My son Benjamin and I built this orrery on Thanksgiving weekend in 1994. It was featured in the May-June 1995 issue of Lego Mania magazine.
Orreries are mechanical models of (at least part of) the solar system, illustrating the motions of the planets. The first modern orrery was built around 1704 by George Graham. The device gets its name from Charles Boyle, who was the fourth Earl of Orrery and who commissioned the instrument maker John Rowley to make one from Graham's design for the Earl's son, John.
This orrery, made entirely of Lego, shows the Sun, Earth, and Moon. Originally it was powered by a classic 4.5V Lego motor, which was discontinued at about the time this model was created. A Lego 9V motor, also discontinued, is shown in these photos. The current Lego 9V motors have internal gearboxes that reduce the rotation speed and greatly increase the torque; it would be unnecessary to gear down one of these motors as much as has been done in this model.
We exhibited this orrery at Brickworld 2007, and for the occasion, my son Jeremy replaced its original Sun with the elegant one shown in the movie, based on Bram Lambrecht's Lowell sphere generator. The new Sun is nearly four times as massive as the original (visible in the Lego Mania article), which contributes to the wobble accompanying its rotation; replacing the current belt drive (the yellow band joining the pulleys near the top of the left-hand photo) with a chain drive might reduce the shimmy.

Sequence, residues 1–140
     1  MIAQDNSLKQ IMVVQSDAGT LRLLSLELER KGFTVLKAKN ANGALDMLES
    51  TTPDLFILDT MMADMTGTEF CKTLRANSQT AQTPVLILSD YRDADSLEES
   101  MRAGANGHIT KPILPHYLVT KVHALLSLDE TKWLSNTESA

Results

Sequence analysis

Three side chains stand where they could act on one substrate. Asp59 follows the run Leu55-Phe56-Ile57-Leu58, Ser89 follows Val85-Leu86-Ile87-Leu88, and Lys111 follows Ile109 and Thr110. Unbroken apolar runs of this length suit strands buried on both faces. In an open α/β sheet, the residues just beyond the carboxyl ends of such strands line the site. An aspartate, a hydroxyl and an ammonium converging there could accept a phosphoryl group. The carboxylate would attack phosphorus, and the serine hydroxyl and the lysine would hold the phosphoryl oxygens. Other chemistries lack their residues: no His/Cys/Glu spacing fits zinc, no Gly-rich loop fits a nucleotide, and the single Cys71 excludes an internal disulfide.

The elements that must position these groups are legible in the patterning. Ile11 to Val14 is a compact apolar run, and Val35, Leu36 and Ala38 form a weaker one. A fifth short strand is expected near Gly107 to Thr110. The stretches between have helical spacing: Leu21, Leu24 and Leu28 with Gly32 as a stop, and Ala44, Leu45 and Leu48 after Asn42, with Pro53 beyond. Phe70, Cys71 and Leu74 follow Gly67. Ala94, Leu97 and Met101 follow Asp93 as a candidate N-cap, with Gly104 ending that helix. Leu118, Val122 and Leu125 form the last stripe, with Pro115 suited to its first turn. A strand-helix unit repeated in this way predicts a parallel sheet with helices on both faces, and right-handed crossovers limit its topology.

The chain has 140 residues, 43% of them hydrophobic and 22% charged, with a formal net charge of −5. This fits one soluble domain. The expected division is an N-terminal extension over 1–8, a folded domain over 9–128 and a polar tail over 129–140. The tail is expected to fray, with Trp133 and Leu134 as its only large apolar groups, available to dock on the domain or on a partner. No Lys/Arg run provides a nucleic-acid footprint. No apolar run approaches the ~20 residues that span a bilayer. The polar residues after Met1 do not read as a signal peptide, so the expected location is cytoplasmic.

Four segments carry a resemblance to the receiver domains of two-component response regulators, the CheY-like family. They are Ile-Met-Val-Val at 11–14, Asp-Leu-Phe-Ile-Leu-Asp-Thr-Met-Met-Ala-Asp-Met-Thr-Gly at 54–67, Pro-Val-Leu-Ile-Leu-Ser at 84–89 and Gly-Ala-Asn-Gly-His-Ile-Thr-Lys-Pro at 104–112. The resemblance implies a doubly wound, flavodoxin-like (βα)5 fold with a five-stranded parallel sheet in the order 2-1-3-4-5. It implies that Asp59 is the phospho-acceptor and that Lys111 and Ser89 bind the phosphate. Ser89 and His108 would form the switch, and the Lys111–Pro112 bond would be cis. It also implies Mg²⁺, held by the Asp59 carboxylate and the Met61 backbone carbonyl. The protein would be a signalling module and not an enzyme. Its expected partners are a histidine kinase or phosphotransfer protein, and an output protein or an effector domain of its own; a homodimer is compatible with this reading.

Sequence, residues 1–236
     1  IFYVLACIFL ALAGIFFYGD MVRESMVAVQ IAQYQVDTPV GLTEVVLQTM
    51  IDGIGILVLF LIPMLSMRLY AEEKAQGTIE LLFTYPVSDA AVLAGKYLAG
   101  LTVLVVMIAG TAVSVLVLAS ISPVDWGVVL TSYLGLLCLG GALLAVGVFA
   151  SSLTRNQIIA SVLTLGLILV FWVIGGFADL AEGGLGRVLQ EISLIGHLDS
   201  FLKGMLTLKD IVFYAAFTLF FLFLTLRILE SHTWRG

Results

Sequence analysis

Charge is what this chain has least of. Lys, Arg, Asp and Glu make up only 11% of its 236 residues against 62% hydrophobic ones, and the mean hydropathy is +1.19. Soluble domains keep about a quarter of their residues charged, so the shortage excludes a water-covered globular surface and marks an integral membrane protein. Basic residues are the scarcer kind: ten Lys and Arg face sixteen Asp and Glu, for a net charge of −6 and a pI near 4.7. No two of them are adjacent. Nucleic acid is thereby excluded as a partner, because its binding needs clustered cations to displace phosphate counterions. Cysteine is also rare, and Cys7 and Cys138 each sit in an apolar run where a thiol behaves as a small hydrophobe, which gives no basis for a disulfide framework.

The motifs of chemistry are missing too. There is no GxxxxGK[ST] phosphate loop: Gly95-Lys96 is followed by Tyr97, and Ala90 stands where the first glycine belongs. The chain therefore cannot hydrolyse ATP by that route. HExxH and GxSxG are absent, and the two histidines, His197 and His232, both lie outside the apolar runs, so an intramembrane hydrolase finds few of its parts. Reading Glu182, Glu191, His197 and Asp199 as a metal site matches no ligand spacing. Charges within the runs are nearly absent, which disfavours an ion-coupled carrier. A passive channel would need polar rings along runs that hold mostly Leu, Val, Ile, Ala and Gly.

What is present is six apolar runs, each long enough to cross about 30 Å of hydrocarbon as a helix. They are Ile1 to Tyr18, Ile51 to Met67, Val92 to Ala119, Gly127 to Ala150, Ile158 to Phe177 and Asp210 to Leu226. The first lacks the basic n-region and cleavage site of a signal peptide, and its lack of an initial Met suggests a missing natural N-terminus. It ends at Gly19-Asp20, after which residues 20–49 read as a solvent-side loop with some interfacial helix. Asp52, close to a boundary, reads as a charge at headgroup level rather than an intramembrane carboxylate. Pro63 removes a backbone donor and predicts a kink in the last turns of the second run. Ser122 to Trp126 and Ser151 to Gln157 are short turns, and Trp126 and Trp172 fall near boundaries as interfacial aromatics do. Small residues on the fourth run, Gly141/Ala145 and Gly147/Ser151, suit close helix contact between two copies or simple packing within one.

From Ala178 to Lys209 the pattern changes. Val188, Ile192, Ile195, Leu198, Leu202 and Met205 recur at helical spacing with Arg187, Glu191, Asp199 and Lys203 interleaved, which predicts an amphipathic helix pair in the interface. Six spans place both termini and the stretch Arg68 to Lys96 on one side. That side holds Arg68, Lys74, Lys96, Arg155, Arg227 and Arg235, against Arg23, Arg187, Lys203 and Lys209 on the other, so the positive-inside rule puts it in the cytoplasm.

Sharp-eyed observers might notice a few other elements that have been replaced since the Lego Mania article was published; these changes are cosmetic rather than functional.
At Brickworld, one of the first questions many people asked was "Is it to scale?" Well ... no. If everything else were made to the scale of the Sun, none of it would fit in the same room, and we wouldn't be able to see most of it. Space is pretty empty.
But the time scale is reasonably consistent:
|Solar System||Lego Orrery|
|Earth rotation||1 day||1 scale day (~ 3-4 seconds, depending on the battery)|
|Earth revolution||1 year (~365.24 days)||360 scale days|
|Moon rotation||~27.3 days||~27.9 scale days|
|Moon revolution||same as rotation||same as rotation|